Germany's desire to nullify the threat of Andrea Pirlo left them fatally imbalanced, writes Richard Jolly
GERMANY 1-2 ITALY
Normally when a side switches tactics for one game, it is an underdog trying to stop a favourite, rather than vice versa. This was a rare exception, Germany looking to find a way to combat Italy’s unusual shape and nullify their playmaker Andrea Pirlo. Both the result and the manner of it shows that it failed.
Even with Germany altering their approach because of him, Pirlo was still Italy’s most prolific passer and helped provide the breakthrough. From Toni Kroos’ failure to mark him out of the game to Germany leaving themselves short-staffed on the right flank, the pivotal first goal could be traced back to Joachim Low’s decisions. Defeat as a whole was attributable to the changes.
But it is partly Pirlo’s presence and partly Italy’s formation - calling it 4-4-2 is deceptive as 4-diamond-2 is a more accurate description - that presents opponents with a dilemma. Low responded by fielding an imbalanced side with a striker, Mario Gomez, a left winger, Lukas Podolski, and four central midfielders to match the Italian quartet.
The intention was for Kroos to shadow Pirlo and, when Germany had the ball, for Kroos, Mesut Ozil and Sami Khedira to rotate and share the right-sided role. As each was more inside-right than outside-right, however, it was left to right-back Jerome Boateng to supply the genuine width and they often lacked an outlet on the right. Although two of Boateng’s crosses almost led to goals, he is not a natural attacking full-back.
In trying to strengthen one department, however, another was weakened, perhaps fatally. By aiming to stiffen their spine, Germany left the right flank undermanned. In one respect, it was an understandable gamble - Italy’s left-back Giorgio Chiellini is a mirror of Boateng, a taller defender more accustomed to playing in the middle of defence for his club and thus less likely to get forward - but it backfired for the opening goal.
It highlighted several elements of Italy’s attacking play. First Pirlo, operating as quarterback in the centre circle, played a diagonal pass to the left flank. There Chiellini had advanced unchecked. What followed illustrated the division of responsibilities between the strikers: Antonio Cassano is charged with offering width, Mario Balotelli with being the target man in the middle. The Milan man crossed, the Manchester City man finished.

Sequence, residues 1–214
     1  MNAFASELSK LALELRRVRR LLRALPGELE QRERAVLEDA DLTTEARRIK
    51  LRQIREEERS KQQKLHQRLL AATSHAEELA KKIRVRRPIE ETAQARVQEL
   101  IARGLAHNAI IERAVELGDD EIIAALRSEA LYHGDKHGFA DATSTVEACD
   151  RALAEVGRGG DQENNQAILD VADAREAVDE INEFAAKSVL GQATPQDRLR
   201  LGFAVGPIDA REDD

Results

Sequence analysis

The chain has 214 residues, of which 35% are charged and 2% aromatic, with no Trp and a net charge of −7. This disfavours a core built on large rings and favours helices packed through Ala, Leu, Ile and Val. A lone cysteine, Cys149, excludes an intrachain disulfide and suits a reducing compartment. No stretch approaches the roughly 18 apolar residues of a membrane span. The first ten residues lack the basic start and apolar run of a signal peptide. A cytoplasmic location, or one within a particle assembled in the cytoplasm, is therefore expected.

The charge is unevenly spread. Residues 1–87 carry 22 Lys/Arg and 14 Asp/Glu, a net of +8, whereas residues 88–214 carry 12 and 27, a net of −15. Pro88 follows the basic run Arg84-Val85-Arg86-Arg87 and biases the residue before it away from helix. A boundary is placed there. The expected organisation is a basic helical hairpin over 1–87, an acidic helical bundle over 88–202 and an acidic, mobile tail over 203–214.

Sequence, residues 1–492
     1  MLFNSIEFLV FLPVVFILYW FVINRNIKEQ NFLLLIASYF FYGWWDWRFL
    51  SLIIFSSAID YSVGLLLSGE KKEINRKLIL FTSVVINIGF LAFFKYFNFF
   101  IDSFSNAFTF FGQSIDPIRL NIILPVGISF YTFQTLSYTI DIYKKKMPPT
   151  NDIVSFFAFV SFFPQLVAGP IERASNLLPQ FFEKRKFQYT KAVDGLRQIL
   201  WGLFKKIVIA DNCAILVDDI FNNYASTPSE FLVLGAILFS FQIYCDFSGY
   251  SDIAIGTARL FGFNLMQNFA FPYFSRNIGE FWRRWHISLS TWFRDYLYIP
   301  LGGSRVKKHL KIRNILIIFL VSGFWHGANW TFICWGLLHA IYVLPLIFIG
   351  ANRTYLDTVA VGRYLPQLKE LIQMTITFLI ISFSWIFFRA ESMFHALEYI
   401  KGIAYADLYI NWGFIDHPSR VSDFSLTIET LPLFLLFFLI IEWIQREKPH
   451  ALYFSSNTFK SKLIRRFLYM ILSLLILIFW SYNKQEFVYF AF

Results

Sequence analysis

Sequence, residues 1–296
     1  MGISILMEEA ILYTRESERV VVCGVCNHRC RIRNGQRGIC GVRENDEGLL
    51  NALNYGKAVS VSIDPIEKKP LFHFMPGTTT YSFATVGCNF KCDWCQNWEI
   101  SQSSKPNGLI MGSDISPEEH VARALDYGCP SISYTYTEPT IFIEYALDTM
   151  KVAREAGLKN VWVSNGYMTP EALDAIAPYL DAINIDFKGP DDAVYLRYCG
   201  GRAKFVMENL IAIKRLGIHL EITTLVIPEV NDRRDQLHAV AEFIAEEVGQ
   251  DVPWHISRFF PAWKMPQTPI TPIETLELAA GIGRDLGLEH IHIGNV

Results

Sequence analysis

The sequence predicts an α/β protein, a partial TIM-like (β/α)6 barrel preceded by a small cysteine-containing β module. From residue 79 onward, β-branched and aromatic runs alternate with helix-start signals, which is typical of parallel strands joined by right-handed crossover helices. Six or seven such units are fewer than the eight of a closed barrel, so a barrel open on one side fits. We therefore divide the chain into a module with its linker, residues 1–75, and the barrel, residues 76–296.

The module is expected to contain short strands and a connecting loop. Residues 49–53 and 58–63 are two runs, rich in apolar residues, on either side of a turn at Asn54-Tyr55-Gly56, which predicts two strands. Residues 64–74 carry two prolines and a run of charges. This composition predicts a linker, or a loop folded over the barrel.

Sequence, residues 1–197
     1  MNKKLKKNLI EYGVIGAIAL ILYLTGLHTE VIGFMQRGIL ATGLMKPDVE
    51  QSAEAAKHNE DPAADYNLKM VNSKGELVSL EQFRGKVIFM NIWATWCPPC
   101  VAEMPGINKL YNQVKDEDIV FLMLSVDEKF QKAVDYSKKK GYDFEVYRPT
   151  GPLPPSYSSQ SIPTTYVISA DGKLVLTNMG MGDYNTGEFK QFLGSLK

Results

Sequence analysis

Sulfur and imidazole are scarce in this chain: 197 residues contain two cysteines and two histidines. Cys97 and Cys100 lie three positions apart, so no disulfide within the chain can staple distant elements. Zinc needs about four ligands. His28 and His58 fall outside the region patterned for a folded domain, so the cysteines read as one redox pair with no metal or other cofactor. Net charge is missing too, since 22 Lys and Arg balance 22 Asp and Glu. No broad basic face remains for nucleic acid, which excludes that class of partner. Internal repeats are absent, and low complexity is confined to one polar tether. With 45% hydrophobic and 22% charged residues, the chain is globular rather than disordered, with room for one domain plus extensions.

The second goal illustrated Balotelli’s other duty. While Cassano moves horizontally across the pitch, Balotelli has to run vertically. Italy have been trying to get him to breach offside traps throughout Euro 2012 but, when he had burst behind defences, he had not scored. On this occasion, he did. A second significant element was that the long pass came from Riccardo Montolivo on the left where, again, there was more space. The other factor, though, was that it came on the counter-attack from a German corner when Italy were rewarded for leaving both strikers on the half-way line.
Cassano also benefits from the presence of four central midfielders. When he dropped off, the German centre-backs were reluctant to follow him, but it was harder for the holding midfielder Bastian Schweinsteiger to pick him because of whichever of Montolivo and Daniele de Rossi was at the tip of the Italian diamond at any given point.
It was unsurprising that, two goals down at half-time and with his initial plan having failed, Low reverted to Germany’s usual system, playing 4-2-3-1. If that was designed to exploit Italy’s narrowness, then it was negated when Cesare Prandelli went like for like, with Alessandro Diamanti becoming the fifth midfielder after replacing Cassano.
Low’s final gamble was to dispense with his anchorman by moving Schweinsteiger to the right and removing Boateng. It is worth remembering that, until the last three seasons, Schweinsteiger was largely used as a right-sided midfielder; here, he was almost one. In effect, it meant Germany had two highly attacking full-backs – Philipp Lahm and Schweinsteiger – looking to aim crosses at Miroslav Klose.
Italy, while playing deeper, looked to counter-attack either side of the two centre backs, the only outfield German players who remain focused on defence. In particular, they looked at the gap left behind Lahm and outside the left-sided centre back, Holger Badstuber and, through breaks in that channel, Claudio Marchisio, Diamanti and Antonio di Natale all had chances to complete the victory.
Meanwhile, it was a sign that Low’s plans ended up in ruins that Kroos, brought in for a specific job, ended up playing three positions.